‘There is no need to fear or hope, but only to look for new weapons’
Gilles Deleuze, Postscript on Societies of Control (1993)
According to Michel Foucault’s complex archaeology, the western philosophical tradition has two interconnected foundational imperatives: know yourself (gnothi seauthon) and take care of yourself (epimeleia heauto). In antiquity, knowledge and care as part of paideia were inseparable until the birth of Christianity, which failed to absorb and transform the concept of care into Christian practice. Or, to put it differently, Christianity as practice subordinated knowledge to care.
Philosophy as a way of life, especially in the late Middle Ages, tried to choose an “alternative” route, prioritising knowledge of the self over care, but without its full rejection - which ultimately became a theological project. Major methodological shifts occur with Rene Descartes. The Cartesian philosophical project took a slightly different direction to medieval philosophic tradition. Cartesian Meditations and Discourse on Method trace a path that led into the definitive separation of care and knowledge giving ultimate priority to knowledge over care.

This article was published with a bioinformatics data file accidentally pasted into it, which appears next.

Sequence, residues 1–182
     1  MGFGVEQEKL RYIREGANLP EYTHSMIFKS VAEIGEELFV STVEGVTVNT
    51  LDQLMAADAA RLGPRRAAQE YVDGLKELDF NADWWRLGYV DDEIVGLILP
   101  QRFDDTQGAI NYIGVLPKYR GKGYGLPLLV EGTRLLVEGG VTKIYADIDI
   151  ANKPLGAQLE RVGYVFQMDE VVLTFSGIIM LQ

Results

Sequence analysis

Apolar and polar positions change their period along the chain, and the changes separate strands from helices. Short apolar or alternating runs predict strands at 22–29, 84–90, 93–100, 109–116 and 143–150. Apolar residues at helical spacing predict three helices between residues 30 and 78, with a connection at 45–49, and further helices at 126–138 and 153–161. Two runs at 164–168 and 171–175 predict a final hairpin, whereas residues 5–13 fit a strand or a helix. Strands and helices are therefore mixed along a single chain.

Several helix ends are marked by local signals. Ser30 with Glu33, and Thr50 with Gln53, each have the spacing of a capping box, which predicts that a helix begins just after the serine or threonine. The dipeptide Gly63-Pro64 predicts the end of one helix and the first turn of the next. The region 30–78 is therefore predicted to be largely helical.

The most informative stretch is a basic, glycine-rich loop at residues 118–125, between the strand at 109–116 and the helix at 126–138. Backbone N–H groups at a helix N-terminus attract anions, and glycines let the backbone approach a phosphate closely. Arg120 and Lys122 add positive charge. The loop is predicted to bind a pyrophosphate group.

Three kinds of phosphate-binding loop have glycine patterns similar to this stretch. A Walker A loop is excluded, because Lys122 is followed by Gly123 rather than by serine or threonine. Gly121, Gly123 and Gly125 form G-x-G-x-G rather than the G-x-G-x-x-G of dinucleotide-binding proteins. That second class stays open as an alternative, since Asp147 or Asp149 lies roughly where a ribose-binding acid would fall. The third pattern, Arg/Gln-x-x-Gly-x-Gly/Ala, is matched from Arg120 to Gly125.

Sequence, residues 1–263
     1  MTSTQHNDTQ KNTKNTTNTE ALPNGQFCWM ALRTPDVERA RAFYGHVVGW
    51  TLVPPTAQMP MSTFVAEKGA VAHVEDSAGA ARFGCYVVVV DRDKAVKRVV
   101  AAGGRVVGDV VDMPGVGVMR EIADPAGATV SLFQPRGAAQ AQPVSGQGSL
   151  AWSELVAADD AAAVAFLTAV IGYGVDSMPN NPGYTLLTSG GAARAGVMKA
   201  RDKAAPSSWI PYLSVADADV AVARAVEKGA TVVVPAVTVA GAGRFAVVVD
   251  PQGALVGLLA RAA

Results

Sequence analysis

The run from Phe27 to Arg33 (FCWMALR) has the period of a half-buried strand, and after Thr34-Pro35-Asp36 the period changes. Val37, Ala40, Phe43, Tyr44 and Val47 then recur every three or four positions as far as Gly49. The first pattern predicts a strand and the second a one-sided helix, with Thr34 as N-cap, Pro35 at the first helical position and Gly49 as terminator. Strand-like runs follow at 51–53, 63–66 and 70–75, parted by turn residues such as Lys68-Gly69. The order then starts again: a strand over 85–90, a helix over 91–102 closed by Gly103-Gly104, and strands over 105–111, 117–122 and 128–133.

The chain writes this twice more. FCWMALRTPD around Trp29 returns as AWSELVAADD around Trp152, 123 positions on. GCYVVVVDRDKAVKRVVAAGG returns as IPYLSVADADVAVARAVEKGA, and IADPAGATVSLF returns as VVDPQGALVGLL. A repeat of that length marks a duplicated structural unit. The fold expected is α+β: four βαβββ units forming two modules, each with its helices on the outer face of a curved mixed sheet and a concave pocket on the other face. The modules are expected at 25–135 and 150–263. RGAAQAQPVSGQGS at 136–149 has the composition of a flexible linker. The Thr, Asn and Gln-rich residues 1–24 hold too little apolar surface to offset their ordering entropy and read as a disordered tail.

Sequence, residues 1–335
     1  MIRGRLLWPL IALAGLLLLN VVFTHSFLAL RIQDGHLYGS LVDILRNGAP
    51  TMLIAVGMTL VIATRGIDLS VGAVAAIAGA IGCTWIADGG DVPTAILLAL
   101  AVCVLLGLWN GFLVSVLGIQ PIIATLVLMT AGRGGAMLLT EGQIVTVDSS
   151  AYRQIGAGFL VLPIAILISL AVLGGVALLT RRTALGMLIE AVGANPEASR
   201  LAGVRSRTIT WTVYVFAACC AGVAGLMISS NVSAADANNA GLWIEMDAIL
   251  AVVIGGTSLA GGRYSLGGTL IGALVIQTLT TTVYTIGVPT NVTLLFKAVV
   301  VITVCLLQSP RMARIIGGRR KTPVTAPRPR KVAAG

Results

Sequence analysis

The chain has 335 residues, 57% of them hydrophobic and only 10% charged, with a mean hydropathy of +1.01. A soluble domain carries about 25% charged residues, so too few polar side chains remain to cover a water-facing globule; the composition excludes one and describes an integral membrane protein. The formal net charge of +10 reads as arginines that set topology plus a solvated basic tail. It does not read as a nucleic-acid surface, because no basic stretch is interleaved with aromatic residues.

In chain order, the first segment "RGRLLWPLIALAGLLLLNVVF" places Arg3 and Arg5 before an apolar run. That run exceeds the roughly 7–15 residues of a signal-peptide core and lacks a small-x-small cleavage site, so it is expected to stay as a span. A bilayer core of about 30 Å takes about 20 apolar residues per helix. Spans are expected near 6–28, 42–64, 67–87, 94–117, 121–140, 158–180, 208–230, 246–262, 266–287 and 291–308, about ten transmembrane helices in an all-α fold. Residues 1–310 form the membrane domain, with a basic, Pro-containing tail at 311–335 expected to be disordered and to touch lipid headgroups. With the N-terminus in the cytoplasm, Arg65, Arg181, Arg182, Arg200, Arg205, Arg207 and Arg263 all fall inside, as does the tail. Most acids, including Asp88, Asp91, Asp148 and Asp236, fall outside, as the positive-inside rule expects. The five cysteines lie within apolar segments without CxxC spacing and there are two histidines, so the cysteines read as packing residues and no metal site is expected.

As was clear from Cartesian Meditations, that was possible only as a meditative experiment with unintended consequences. One way to read Cartesian Meditations is to see them as a philosophical parody on the Ignatian Spiritual Exercises: a grotesque commentary upon them. Descartes established the procedure of pretending to close of all of his senses and, with a rhetorical cognitive trick, convinced himself that he is not under attack from evil demons - which is a conceptual terminology taken from the Desert Fathers, particularly from spiritual exercises of Evagrius of Ponticus - in order to pass through “methodological” doubt. The whole procedure led him to what he described as a clear and distinctive epistemological certitude.